A SUNSHINE Coast college has won more than $500,000 in compensation after architects built the ceiling on a basketball hall so low that players' shots hit the lights.
When firm Thomson Adsett completed the hall at Australian Christian College in Caboolture in 2010, the roof was only about 120 centimetres higher than a regulation 3-metre basketball hoop, Fairfax reported.
It was when the steel work went up that the school chief executive officer David Fyfe realised something was wrong, according to a District Court judgment handed down on Thursday.
"That's not what I… yeah not what I asked for," Mr Fyfe said.
Mr Fyfe said he requested a "full-size basketball court" when he spoke to the builders. Instead what the school got was a hall that could accommodate a 32x19 metre court but was only an average of 4.2-metres high. Australian courts are generally recommended to be at least 7 metres.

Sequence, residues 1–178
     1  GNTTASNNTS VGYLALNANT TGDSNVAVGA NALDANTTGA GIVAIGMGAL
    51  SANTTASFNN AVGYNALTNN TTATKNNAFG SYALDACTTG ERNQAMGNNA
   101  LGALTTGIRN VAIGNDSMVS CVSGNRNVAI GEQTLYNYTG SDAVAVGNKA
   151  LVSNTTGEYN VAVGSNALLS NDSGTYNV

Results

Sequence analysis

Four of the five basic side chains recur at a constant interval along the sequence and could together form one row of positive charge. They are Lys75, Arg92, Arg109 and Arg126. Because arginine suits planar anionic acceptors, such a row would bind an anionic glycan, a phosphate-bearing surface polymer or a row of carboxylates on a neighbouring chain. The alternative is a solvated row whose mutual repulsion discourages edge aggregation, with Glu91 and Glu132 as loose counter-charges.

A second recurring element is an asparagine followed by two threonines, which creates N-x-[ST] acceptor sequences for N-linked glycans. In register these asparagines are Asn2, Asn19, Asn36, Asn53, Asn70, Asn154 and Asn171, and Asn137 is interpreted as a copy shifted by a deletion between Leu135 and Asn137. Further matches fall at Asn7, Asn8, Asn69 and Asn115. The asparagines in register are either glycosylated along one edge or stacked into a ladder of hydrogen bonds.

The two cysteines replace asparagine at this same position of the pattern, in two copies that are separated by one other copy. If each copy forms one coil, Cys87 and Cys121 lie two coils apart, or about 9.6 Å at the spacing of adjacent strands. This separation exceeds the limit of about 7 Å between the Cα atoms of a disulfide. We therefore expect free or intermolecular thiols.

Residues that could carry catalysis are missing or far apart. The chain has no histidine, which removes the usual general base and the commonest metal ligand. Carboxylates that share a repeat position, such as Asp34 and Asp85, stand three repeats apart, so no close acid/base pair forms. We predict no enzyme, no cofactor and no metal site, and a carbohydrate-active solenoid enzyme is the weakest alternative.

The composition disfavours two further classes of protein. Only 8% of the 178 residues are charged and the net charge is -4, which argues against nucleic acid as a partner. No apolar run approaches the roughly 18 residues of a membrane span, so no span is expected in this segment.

"Kids would just kick the balls and hit the lights and throw the balls and they'd be hitting... you'd virtually have to say to the kids no ball sports in that facility. It was just too low," Mr Fyfe said.
The architects argued that former principal Stephen Woodward had told them the hall would not be used for proper basketball games.
A director specifically asked Mr Woodward whether basketball would be played and was told no.
District Court Judge Nicholas Samios said in his judgment that the college made "very clear" to the architect that Mr Fyfe wanted a full-size court."I find Mr Fyfe's instruction was given in about September 2009."
He ordered Thomson Adsett to pay $366,262 in compensation for the breach of contract, with a further $138,738 in interest.
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